To understand the doctrine of purgatory, it is necessary to understand several beliefs of the catholic church.
- It is good to pray for the dead
- We believe in tradition
- Nothing unclean may enter heaven
Praying for the dead is a tradition which precedes the New Testament. In 2 Maccabees 23:45-46 it says:
“But if he was looking to the splendid reward that was laid up for those who fall asleep in godliness, it was a holy and pious thought. Therefore he made atonement for the dead, so that they might be delivered from their sin.“
It is good to pray for the dead. Why? If there are only two choices after death…heaven or hell...what purpose is there in praying for the dead? The historical practice of praying for the dead tells us that the belief that our prayer is heard and answered was an ancient belief.
The Catholic Church believes in tradition as well as scripture. The four marks of the church are stated in the Creed. We believe in One, Holy, Catholic and Apostolic Church. Being apostolic means that not only can the church be traced back to the apostles, but our beliefs can be traced back to the apostles as well. Remember, Jesus came to fulfill the law not to change it. (Matt 5:17)
Oral tradition was the method used to pass on the faith in the beginning. The bible was not even written down during the Apostolic Age. In 2 Thessalonians 2:15 we are told the following:
“So then, brothers and sisters, stand firm and hold fast to the tradition that you were taught by us either by word of mouth or by our letter.”
Praying for the dead is an established tradition of the early Christians. One example of this is that in the fourth century St. Monica requested St. Augustine to remember her in the mass after she died.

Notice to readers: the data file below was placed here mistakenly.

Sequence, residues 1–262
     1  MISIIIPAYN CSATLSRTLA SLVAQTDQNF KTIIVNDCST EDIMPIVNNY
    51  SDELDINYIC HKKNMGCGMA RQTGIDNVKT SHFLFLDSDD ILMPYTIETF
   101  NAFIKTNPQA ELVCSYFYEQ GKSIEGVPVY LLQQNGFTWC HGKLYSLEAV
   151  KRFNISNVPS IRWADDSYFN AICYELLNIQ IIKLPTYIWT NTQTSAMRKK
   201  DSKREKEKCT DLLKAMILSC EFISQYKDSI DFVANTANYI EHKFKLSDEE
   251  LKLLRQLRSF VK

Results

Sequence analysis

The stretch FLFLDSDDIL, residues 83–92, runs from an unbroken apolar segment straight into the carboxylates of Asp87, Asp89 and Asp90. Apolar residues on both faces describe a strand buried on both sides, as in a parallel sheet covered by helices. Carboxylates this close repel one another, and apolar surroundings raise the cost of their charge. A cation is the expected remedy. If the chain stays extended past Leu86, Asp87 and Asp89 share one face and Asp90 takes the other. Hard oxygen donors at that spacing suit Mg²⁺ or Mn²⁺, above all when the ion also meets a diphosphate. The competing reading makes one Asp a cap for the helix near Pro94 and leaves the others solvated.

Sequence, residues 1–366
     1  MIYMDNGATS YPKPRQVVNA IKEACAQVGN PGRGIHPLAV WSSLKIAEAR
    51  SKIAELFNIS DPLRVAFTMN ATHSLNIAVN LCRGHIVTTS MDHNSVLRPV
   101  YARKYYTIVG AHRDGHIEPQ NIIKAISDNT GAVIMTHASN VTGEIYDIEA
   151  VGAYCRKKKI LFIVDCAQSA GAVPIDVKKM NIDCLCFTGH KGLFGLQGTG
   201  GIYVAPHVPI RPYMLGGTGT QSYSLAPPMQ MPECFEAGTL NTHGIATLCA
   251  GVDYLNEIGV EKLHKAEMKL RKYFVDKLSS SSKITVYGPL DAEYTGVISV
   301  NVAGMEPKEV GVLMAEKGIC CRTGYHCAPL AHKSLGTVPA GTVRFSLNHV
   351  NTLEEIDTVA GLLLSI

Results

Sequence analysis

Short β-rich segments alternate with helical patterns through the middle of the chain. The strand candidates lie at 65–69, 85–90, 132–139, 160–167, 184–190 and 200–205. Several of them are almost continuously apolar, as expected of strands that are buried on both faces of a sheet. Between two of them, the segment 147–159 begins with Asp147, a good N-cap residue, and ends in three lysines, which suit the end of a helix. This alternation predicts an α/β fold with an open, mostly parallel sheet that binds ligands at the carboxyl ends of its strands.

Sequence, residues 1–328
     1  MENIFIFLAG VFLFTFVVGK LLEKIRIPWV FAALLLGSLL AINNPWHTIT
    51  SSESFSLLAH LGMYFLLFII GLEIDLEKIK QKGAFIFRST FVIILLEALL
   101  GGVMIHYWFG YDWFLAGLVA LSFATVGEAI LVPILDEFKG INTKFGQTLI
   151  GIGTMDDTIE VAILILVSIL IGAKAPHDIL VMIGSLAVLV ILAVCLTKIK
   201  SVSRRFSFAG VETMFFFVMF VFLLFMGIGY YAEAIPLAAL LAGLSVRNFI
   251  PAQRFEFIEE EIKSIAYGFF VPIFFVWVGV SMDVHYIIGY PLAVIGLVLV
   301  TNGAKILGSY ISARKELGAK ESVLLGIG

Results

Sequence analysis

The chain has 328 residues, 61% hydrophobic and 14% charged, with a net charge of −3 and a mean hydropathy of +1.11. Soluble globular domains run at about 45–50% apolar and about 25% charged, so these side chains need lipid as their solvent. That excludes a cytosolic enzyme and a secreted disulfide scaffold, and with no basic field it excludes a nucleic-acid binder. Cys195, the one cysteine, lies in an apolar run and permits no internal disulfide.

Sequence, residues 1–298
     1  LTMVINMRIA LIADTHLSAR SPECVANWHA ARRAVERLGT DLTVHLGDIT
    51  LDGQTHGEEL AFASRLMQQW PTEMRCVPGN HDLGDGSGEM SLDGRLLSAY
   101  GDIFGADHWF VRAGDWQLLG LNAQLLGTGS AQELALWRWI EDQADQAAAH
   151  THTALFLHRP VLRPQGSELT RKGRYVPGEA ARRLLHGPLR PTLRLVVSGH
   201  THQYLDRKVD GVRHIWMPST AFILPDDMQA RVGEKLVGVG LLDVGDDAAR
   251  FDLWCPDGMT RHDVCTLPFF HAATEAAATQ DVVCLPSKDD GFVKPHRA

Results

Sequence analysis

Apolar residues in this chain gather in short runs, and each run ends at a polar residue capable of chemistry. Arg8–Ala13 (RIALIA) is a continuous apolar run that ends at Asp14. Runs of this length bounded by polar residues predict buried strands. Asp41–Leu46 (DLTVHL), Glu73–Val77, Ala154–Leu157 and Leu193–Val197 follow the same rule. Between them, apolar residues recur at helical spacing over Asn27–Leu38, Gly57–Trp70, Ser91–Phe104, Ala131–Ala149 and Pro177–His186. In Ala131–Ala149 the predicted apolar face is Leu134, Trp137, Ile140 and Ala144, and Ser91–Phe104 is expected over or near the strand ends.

Most of us know that we are unworthy to enter heaven. Jesus came to save us, however we still need to be cleansed by purifying fire before entering heaven. In Hebrews 12:29 it states the Our God is a consuming fire. We believe that before we enter heaven the fire of God’s love consumes the scars and effects of the sins we committed in out life. This explains the doctrine of purgatory as we understand it.
It is very comforting to know that our prayers make a difference. It is also comforting to know that I will be purified before facing God in heaven. A God whose love is so strong it is compared to fire….a fire which will consume and purify me.
Another way to look at purification is a cleansing. Before we go to a party or celebration we usually bathe and dress up to look appropriate. The purification we receive before partaking in the heavenly banquet makes us able to see God without the stain and scars of the sin which occurred during our lifetime.
We attend the heavenly banquet appropriately cleansed and dressed!
Praying for those souls who are in the purification process in purgatory relieves the suffering of both the soul in purgatory and my own soul.
The following prayer was given to St. Gertrude the Great by our Lord in a vision. Her feast day is celebrated on Nov. 16.
“Eternal Father, I offer thee the most precious Blood of thy divine son, Jesus, in union with the masses said throughout the world today, for all the holy souls in purgatory, for sinners everywhere, for sinners in the universal Church, those in my own home and within my family. Amen.”
Just as I pray on a regular basis for my loved ones who I confidently hope are already in heaven, I pray that those who love me will in turn pray for me after my death.
Prayer can heal! Prayer is powerful!